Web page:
Ala Moana Center was a place that our family only visited on rare occasions. Living in Ewa Beach clear across Pearl Harbor from the main urban core, it was just much quicker and more convenient to patronize Pearlridge Center. In addition to proximity issues, Ala Mona was the proverbial tourist trap, perpetually overflowing with Hawai'ian shirt clad clueless visitors from the mainland who were more than willing to pay exorbitant mark-ups for the same merchandise that locals could find at Pearlridge or the Kam Swap Meet. Nonetheless, it was still a neat place to venture out to every once in a while. It was absolutely enormous and, for my youthful, stubby legs, felt like it went on forever. After six years in Hawai'i and upon our family's departure when I was ten years of age, I recall our visiting Ala Moana not more than a handful of times.
In 1993, I returned to Hawai'i as an architecture major attending The University of Hawai'i at Manoa. Not in possession of a personal vehicle and being completely dependent on public transportation, I did visit retail the juggernaut regularly, but mostly as a transferring passenger in their comprehensive and bustling transit hub. If I had time to kill between connections, I'd sometimes browse the corridors of Ala Moana, at that time decked out in tropical shades of pinks and greens. I mainly shopped at Foodland, an on property supermarket, or Woolworth, one of the few offerings that didn't completely void my broke college student pockets.
Ala Moana Center was also an exceptional place to people watch. From its many comfortable and shaded seating areas, one could watch jovial mid-westerners on holiday, locals in rubber sleepahs wearing Local Motion t-shirts all mingling with high end, fresh from the latest botox treatment trophy wives strutting along in their Manolo Blahniks while clutching bags full of their Liberty House and Gucci wares close to their recently updated bodies. The variety of cuisine one could sample was unbeatable, as the complex was home to what is claimed to be the "world's largest international food court." It offers more than twenty eateries on a lower level enclosure on the ocean side. Also positioned in the mix were several koi ponds, numerous palm trees and a central stage featuring over 500 performances a year. Classic Hawai'ian ukulele based rhythms could be heard emanating softly from discreet speakers, truly making Ala Moana quite the sensory experience.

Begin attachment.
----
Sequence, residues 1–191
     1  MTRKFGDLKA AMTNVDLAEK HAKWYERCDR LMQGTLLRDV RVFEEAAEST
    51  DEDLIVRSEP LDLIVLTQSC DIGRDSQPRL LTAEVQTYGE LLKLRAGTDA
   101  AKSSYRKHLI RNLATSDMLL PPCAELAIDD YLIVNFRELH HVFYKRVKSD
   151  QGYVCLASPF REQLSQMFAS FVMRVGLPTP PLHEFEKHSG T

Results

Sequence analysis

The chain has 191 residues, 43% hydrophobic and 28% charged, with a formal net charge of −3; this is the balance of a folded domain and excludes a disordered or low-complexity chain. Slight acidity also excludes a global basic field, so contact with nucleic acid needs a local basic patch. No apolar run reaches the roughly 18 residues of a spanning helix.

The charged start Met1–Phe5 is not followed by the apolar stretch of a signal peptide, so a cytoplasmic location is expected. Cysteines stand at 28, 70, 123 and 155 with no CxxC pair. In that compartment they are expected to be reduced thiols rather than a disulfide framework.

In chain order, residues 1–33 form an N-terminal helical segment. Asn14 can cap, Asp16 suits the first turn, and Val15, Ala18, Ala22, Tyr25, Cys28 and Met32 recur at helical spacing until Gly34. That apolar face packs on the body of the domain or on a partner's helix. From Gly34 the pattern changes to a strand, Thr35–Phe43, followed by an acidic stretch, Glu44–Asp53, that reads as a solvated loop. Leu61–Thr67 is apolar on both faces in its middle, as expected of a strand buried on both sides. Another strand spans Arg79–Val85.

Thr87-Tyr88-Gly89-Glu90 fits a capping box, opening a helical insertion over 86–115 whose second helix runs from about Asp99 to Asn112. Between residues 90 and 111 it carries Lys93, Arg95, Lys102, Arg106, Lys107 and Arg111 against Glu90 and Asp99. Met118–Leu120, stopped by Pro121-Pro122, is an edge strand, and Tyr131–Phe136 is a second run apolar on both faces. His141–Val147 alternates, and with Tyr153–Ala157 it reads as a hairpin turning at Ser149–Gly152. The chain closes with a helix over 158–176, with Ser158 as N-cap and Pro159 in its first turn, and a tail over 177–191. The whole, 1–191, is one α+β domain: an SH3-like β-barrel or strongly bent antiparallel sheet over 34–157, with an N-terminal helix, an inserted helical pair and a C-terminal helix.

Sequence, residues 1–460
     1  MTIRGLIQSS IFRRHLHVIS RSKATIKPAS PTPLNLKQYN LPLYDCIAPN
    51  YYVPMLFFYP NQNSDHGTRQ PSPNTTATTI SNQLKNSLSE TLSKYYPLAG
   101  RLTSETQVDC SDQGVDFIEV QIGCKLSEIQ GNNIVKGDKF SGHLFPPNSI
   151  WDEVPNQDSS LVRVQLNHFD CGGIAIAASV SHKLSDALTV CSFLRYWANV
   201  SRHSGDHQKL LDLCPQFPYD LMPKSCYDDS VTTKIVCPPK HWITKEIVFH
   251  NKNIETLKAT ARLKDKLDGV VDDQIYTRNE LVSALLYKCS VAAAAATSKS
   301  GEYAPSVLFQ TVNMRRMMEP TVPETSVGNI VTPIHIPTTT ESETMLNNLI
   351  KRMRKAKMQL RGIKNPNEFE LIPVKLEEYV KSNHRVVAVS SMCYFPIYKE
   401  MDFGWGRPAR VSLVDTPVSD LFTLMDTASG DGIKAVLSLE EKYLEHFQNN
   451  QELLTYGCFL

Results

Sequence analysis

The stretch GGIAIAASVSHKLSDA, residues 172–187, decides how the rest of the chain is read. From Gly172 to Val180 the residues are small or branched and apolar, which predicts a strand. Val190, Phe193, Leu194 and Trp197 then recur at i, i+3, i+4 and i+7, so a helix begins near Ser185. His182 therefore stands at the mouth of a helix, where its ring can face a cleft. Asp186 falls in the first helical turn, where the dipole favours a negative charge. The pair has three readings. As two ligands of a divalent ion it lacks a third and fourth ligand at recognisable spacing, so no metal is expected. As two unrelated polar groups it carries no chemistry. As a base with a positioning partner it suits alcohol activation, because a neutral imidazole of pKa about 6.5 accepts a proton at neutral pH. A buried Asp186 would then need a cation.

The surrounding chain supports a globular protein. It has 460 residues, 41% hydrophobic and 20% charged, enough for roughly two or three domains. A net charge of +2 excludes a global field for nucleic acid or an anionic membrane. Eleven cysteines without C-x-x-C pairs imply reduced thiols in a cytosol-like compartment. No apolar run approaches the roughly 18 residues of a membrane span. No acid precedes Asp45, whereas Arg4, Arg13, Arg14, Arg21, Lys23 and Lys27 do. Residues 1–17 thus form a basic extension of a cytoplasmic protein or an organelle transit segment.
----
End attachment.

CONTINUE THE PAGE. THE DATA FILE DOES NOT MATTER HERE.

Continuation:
Ala Moana opened on August 13, 1959 on a vacant plot of reclaimed swamp land across the Ala Wai canal from Waikiki. It debuted as the largest shopping center in the country, though the passing decades have brought larger facilities to the retail scene, thereby dropping its ranking to fifteenth as of this writing. It still does retain the title of the world's largest open-air retail center, however.